The best way is to start by organizing and segregating the damaged records. This is followed by an identification process where the parameters such as sections that are damaged by the war and the level of the damage caused, are assessed. Next, you need to locate the specific records that are damaged and categorize them based on the type and extent of the damage. The third step is to document all the damaged records, enlist them and update them based on the earliest possible availability of new information about the war-damaged records.

Multiple problems may arise during the military records indexing process, such as the loss or destruction of data following a fire, water damage, or mold infestation. As there is no single solution to all problems, it’s important to determine the type of damage and also assess the possible ways to address it before starting any indexing efforts.

Many indexing companies offer services where they review war-damaged records including military medical records. But it’s not everyone’s technical forte to guarantee the accuracy of the indexing process as it is a complex and multi-level process. To ensure the proper management of the war-damaged records indexing process, you can engage the services of a company like SBL Corp which has in-depth knowledge and expertise in indexing and digitizing such complex records.

SBL’s professional indexers will carefully review the old and damaged records and ensure that the data is captured accurately and indexed and made accessible to the public.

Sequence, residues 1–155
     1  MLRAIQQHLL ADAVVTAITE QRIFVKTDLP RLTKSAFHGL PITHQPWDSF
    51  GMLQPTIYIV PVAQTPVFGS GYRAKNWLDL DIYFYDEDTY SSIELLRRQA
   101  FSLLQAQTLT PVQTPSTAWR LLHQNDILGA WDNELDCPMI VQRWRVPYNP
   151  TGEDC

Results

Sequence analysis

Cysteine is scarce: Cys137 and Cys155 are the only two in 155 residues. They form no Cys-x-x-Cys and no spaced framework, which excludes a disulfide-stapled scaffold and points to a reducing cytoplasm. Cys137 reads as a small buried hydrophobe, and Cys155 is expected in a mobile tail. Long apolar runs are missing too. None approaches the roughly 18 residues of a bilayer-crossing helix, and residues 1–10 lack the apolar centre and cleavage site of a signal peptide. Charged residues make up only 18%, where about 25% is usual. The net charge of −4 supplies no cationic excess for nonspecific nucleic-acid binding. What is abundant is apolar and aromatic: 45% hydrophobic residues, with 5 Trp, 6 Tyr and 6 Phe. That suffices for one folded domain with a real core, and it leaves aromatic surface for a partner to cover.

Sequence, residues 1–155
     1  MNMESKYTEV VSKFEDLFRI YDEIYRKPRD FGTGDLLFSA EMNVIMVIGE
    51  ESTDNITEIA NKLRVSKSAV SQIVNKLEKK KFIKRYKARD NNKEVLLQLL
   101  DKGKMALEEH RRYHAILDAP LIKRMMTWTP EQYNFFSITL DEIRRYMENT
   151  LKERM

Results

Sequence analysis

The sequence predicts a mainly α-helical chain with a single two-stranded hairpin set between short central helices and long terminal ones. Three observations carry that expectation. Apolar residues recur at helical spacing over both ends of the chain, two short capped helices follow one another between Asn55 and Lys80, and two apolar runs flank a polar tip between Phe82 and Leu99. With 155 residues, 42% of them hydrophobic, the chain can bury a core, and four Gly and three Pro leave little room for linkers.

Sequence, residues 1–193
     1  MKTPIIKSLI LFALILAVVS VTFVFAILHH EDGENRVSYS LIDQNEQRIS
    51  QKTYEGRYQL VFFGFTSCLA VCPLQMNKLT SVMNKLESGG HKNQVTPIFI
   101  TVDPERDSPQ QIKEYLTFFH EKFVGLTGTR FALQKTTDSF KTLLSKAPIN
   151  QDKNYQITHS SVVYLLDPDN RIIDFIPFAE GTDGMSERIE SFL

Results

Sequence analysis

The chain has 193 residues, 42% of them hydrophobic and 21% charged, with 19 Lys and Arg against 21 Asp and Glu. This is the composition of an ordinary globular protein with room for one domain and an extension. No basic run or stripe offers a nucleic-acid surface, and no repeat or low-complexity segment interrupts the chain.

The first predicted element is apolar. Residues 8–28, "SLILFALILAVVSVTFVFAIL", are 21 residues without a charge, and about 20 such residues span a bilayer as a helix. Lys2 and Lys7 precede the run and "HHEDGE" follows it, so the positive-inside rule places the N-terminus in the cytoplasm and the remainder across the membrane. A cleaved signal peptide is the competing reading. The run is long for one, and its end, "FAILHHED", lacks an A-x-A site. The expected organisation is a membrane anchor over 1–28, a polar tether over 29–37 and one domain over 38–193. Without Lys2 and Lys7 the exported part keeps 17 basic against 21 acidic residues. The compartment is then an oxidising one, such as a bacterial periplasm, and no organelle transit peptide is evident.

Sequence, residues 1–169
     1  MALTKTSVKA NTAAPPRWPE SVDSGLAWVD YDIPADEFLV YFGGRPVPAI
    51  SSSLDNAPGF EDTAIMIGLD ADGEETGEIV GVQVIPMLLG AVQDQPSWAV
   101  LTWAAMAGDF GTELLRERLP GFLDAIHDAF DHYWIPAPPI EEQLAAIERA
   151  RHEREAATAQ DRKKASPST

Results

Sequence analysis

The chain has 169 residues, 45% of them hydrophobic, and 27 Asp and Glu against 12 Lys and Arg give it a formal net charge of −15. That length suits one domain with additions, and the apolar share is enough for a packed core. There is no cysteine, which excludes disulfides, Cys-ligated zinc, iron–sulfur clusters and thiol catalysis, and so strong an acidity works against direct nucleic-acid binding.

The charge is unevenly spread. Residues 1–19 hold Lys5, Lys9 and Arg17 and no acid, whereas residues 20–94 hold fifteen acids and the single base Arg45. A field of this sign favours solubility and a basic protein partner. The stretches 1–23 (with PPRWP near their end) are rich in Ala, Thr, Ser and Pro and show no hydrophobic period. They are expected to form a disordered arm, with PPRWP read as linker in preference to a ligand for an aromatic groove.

SBL’s Expertise in Indexing Old War Records

Most of the historical records of the wars are fragmented and incomplete. Often, physical records are not recorded and indexed consistently and are not available in any standard format. As a result, there is a lack of clarity on past information.

SBL Corp‘s indexing services, however, make it easy to index war-damaged army records and provide accurate and useful information in a short period of time.

We strive to preserve historical records and war history right down to the minutest detail. With outstanding precision and proficiency, our team indexes a variety of hard-to-comprehend war records within record time. 

Our indexing services make it easy to find every old war record that is still in use or needs updating. We ensure that you find data quickly whenever you need it. Our pre-processing team captures the details from the damaged or faint military service records and images. In addition, during the keying process, we verify that all details are entered accurately.  

Contact our Genealogy Division to know more about how we help in indexing war-damaged army records.

Frequently Asked Questions

How do I find someone’s military record in the UK?
You can use various sources like Commonwealth War Graves Commission website and National Archives for service records. There will also be an army records portal that will help you locate the required information faster.
Are military personnel records public?
Public access to military personnel records is allowed up to 62 years after their retirement.  All records of personnel who retired from the military 62 years or more can be obtained for a copying fee.
How do I find old Army records?
You can find old army records by mailing a request to National Personnel Records Center. You can also contact the Veterans agency in your state. However, it is best to simplify the process by hiring an experienced genealogist to help you collect the information quickly.